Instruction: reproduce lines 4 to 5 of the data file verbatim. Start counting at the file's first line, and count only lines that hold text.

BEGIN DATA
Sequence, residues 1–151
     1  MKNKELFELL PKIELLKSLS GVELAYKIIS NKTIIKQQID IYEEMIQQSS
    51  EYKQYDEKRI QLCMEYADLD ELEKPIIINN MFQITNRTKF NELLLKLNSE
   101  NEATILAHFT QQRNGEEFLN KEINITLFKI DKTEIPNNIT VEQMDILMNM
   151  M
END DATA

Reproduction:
   101  NEATILAHFT QQRNGEEFLN KEINITLFKI DKTEIPNNIT VEQMDILMNM
   151  M